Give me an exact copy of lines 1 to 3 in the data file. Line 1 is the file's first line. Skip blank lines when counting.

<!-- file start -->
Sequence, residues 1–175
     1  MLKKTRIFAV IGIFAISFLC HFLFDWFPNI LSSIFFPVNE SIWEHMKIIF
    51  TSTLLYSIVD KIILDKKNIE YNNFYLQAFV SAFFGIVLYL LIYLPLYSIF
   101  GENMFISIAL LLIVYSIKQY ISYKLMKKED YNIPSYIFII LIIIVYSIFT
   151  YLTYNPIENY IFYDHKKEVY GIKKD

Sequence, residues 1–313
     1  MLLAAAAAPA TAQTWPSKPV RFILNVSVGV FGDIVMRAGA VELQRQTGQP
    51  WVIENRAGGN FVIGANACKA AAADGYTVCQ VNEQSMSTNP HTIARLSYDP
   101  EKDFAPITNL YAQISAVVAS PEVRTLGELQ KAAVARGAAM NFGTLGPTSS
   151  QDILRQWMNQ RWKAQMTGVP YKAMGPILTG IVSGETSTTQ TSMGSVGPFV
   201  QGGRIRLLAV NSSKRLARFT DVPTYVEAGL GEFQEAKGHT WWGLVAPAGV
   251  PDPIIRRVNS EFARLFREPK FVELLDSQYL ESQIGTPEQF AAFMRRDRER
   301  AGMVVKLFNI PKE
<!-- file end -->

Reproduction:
Sequence, residues 1–175
     1  MLKKTRIFAV IGIFAISFLC HFLFDWFPNI LSSIFFPVNE SIWEHMKIIF
    51  TSTLLYSIVD KIILDKKNIE YNNFYLQAFV SAFFGIVLYL LIYLPLYSIF